TUNIS. The capital of Tunis. It is situated near the southwestern extremity of the Lake of Tunis, about three miles from the ruins I if ancient Carthage (Slap: Africa, F 1). The lagoon or Lake of Tunis is shallow, and com municates with the Gulf of Tunis, an inlet of the Mediterranean, by a narrow strait known as the channel of Goletta. The gulf itself is 45 miles broad at the entrance. The town occupies rising ground, and both the city proper and the suburbs are surrounded by walls. The streets of the inner town are narrow. unpaved, and dirty, but the bazaars are well fnrnished, and many- of the mosques are splendid. par ticularly the Mosque of Yussuf. The palace of the bey is probably the finest building in Tunis. The citadel, begun by Charles V. and finished by Don John of Austria, is interesting from its collection of old arms. The newer French or foreign quarter, established since 1893, has a European aspect. The city contains a Mohammedan university and a national museum of arts and antiquities. Water is supplied by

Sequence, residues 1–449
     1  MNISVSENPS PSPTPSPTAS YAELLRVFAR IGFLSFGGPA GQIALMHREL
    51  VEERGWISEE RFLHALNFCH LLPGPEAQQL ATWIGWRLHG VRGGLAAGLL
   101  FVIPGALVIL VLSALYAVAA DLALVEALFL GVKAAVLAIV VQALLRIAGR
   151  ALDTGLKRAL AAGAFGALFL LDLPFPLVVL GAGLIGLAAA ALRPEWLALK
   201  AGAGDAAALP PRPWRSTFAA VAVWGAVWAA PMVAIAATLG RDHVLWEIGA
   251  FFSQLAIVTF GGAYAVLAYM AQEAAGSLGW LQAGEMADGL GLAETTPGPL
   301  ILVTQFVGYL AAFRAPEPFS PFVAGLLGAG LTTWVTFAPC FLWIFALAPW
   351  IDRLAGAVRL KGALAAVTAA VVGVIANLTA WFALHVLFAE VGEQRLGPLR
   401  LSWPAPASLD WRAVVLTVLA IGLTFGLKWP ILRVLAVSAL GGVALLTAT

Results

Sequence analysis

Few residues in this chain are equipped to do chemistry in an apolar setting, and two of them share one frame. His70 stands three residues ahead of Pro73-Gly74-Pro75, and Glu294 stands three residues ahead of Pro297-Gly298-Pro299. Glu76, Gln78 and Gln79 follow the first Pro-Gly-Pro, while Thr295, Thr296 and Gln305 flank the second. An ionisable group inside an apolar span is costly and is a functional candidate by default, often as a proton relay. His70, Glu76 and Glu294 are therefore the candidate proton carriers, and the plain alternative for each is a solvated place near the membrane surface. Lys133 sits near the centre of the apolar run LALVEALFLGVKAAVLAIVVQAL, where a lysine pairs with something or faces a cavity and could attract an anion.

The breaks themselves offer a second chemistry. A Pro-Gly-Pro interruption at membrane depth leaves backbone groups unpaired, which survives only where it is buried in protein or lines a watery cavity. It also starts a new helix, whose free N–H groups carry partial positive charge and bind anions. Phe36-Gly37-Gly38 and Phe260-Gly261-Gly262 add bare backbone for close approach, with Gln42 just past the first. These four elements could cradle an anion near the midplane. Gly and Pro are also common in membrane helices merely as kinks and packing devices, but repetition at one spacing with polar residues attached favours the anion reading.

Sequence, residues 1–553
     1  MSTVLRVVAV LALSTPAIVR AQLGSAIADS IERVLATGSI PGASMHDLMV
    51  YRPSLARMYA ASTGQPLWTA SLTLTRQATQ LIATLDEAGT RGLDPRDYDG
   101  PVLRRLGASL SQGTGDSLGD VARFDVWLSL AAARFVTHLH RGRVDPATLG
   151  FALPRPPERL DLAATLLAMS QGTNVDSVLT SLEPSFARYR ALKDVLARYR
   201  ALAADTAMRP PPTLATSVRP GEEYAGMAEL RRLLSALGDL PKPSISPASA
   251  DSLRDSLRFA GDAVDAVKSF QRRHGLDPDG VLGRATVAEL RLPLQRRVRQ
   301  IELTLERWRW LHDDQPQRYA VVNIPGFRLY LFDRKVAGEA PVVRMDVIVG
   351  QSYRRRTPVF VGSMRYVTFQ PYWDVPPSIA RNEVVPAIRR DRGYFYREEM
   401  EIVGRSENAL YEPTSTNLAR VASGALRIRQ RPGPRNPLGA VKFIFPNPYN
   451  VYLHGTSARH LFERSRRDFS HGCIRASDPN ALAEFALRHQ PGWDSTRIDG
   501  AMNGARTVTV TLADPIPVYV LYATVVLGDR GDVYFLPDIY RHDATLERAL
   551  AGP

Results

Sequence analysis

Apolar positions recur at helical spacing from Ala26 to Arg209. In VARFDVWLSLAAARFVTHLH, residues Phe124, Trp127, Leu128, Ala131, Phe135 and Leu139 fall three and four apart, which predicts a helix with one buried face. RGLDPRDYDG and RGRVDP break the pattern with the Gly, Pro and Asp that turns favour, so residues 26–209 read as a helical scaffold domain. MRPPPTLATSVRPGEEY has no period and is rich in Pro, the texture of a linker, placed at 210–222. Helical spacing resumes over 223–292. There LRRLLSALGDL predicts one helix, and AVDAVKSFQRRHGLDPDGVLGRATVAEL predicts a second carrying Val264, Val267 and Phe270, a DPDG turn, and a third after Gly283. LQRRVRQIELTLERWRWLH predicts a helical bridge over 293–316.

means of a restored ancient aqueduct from Jebel Zaghwan. Tunis is the commercial centre of the State, and carries on an important trade with Europe and Central Africa. Ocean-going vessels reach the town directly by means of a canal opened in 1893. Tunis has silk and woolen manufactures of shawls, tapestries. mantles, burnooses. caps, turbans, colored cloths; also leather, soap, wax, and olive oil, all of which it exports. together with grain, fruits, cattle, fish, ivory, gold dust, coral, etc. The climate is un healthful.
Tunis (ancient Tunes) was a Carthaginian city. frequently mentioned in connection with the Punic wars. it became important under the Arabs. (See Tux's. Protectorate.) The popu lation is estimated at about 170.000, of which 50,000 are Europeans and 40,000 Jews.